I forgot to mention regarding getting help:

It's not about seeking help from professors, either. Most of your professors at this point are PhDs. They don't understand what you are going through, and they also don't understand why you aren't able to understand things after one lecture on a level that it took them seven years of grad school to grasp.

Posted by: Justin | Sep 9, 2008 3:07:57 PM

I'm sorry that you disagreed and think my post is a bunch of BS. I guess you provide the other side of the coin.

In my experience, people in my class have been very willing to help each other out. Sorry about your experience. And at Loma Linda, the professors loved it when you came in for help and were helpful. All the professors I've talked to have not had the problem of forgetting how it is to be a student. And if one needs help, the school of medicine matches you up with tutors. So maybe Loma Linda paints a nicer picture. Thanks for opening my eyes to the way it is in other schools.

Also, I disagree that anyone who has made it this far (into medical school) knows how to study. I didn't. I hardly ever studied in undergrad -- and when I did I crammed (this is in my post if you read it). That's why I had to radically change my own study habits.

Finally, you make very good points with your #s 4 and 5. Both of those are very useful tips for first years -- and second years alike.

Jeff

Posted by: Jeff W | Sep 9, 2008 4:15:33 PM

I wrote that my professors haven't forgotten about how it is to be a student.

If I could clarify: Our professors, many of whom are PhDs instead of MDs seem to understand that they are not teaching students in a PhD program when the lecture to us. They understand they are teaching future CLINICIANS.

I often heard a professor saying that if we were his PhD students we'd have to memorize this and that.. but since we were medical students.. we wouldn't have to go into that detail.

Posted by: Jeff W | Sep 9, 2008 4:21:32 PM

actually, reading both sides of the coin was very comforting for me...as i am a third year student and beginning my clerkships i have this back log of frustration about not getting some things and i dont know why it alw seems like the the stuff u didnt memorize is what u get asked! i think its a cosmic joke.

seriouslly, thanks guys.

Posted by: cc Sharma | Sep 9, 2008 10:36:57 PM

i always inspired by this kind of information but in the end i just forgot everything when i really have to face all the stress. i'm a 4th year student now and i'm still not sure whether i had my learning style right since clinical and preclinical are totally different world for me. i was too blur when i started my 3rd year and things only make sense now thanks to clinicians who repeatedly keep teaching us the same thing and reminds us to know the basic stuff so that we could graduate and be a doctor.

oh yea, my professors back then when i was in my 1st and 2nd year are so nice also and they always trying hard to make things easy for us.i wish i studied better in my preclinical years but life has to go on. good luck to all!

Posted by: rae | Sep 10, 2008 9:18:16 AM

i always inspired by this kind of information but in the end i just forgot everything when i really have to face all the stress. i'm a 4th year student now and i'm still not sure whether i had my learning style right since clinical and preclinical are totally different world for me. i was too blur when i started my 3rd year and things only make sense now thanks to clinicians who repeatedly keep teaching us the same thing and reminds us to know the basic stuff so that we could graduate and be a doctor.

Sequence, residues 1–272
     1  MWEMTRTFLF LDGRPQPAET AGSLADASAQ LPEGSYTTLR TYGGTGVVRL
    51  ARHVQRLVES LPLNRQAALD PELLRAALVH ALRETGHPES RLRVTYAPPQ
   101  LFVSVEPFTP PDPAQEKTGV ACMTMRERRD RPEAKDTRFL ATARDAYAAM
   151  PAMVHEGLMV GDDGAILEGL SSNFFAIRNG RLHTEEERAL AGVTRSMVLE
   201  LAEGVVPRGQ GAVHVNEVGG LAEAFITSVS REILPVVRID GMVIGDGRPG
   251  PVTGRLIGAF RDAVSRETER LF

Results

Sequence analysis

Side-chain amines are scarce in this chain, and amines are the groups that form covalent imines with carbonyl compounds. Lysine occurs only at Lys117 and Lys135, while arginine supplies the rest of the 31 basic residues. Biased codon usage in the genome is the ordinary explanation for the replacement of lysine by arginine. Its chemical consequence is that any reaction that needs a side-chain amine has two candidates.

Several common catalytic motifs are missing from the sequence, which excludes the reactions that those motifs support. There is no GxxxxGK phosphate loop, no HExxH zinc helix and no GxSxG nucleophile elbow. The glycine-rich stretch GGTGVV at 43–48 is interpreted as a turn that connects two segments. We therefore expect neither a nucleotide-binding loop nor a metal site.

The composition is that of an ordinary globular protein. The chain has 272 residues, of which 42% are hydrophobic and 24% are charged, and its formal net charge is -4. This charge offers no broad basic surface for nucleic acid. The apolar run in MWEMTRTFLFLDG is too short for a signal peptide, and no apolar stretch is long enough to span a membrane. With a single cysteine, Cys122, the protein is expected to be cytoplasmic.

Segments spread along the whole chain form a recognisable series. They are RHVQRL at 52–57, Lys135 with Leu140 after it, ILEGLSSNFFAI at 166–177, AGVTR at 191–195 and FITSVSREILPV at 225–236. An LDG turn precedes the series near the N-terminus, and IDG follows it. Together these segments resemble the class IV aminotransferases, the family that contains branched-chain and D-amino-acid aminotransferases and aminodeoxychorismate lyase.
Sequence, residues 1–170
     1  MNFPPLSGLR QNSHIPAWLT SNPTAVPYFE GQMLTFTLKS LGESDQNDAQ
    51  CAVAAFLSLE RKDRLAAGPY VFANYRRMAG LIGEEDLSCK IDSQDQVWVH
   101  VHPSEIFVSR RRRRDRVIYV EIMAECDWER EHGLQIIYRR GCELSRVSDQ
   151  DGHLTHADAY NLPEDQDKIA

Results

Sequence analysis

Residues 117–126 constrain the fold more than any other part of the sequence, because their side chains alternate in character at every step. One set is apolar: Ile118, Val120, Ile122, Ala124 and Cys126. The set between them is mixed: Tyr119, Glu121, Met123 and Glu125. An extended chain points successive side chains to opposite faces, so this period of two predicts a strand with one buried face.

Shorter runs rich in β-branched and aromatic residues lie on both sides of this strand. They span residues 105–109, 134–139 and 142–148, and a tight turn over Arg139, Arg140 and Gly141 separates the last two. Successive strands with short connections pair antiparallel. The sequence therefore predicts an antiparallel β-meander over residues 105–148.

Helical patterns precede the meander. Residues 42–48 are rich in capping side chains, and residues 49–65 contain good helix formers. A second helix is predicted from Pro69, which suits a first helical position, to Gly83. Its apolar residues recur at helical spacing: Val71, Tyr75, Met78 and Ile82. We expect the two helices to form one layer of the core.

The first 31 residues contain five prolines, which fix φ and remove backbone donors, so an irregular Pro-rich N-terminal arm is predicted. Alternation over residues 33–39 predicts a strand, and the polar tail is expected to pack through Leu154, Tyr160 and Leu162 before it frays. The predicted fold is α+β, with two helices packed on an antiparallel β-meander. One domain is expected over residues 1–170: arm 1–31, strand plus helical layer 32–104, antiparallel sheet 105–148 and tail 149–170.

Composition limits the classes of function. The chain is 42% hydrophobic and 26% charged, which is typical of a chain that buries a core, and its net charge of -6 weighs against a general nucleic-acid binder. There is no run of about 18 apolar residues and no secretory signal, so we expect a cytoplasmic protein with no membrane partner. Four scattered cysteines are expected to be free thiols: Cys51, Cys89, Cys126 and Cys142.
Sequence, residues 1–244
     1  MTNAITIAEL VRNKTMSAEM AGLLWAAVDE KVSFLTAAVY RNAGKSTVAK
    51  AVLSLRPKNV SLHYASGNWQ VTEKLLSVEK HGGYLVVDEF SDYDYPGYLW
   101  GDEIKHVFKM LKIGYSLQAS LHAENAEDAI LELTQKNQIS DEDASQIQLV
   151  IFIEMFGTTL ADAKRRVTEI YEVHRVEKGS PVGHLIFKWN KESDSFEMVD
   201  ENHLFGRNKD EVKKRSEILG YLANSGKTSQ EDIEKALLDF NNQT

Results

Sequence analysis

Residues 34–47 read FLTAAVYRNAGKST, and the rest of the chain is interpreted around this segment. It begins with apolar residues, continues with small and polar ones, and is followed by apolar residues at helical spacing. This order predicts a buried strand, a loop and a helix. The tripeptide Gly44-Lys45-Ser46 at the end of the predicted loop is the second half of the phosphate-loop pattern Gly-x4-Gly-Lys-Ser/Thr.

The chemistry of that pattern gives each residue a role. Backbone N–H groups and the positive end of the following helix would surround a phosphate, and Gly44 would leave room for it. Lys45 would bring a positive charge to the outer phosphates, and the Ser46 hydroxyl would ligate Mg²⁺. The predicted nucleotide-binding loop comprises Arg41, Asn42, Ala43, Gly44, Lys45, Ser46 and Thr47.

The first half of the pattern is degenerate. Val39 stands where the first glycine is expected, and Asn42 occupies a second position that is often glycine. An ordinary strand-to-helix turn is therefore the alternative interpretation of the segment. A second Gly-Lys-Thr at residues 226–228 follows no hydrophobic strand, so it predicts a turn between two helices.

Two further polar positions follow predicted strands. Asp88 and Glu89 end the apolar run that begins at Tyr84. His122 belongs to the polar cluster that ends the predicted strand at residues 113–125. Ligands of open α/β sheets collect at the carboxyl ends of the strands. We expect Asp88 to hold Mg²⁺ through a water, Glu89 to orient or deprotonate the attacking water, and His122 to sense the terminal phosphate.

oh yea, my professors back then when i was in my 1st and 2nd year are so nice also and they always trying hard to make things easy for us.i wish i studied better in my preclinical years but life has to go on. good luck to all!

Posted by: rae | Sep 10, 2008 9:22:17 AM

I'm Afriad i tend to agree with Justin a little more than Jeff.

Even in the British system, which i'm under here in Australia, the preclinical teaching is remarkably poorly handled by PhD's in a disparate call-in system. The result of this discord is that nobody knows what is going on and the avenues for help are scant.

Furthermore, the material taught is often poorly selected as the MD's do not design the theoretical curriculum.

This means that you need to study in order to pass exams which is something you need to be used to. It's a total state of being switched on. Put your life aside, if necessary, to get through the psychological torture because the point is that it will not last forever and you will eventually be free.

Reach for support from counsellors and parents-people who have a professional or vested interest in you.

Medical Students are by their nature anti-social so prepare not to be able to rely on them. I've been a medical student for 3 years now and I can tell you that I have had no problem settling back into the human race after the stress of my first few years; just got to get through.

Well done on an excellent post.

Posted by: Grant Ross | Sep 10, 2008 9:55:24 AM

As an addendum may i agree with the following point:

5. You cannot possibly memorize the enormous volume of information that is thrown at you. Figure out what you need to know, and what you don't need to know. Research on memory has shown that memory is a reconstructive process. Figure out how to take in information in small chunks so that you can reconstruct it later. Get with other people and practice quizzing each other. This will teach you to think in this way.

This is soo important in an age where funding grants are based on esoteric minutiae that promise drug sales to the companies. Just because thiozoladine looks hot in your undergraduate does not mean that anybody cares in the hospital. My experience is that you have to trivialise what is taught to you because you cannot possibly know all of it. I have a B Med Sci course up my sleeve and i don't remember any of it.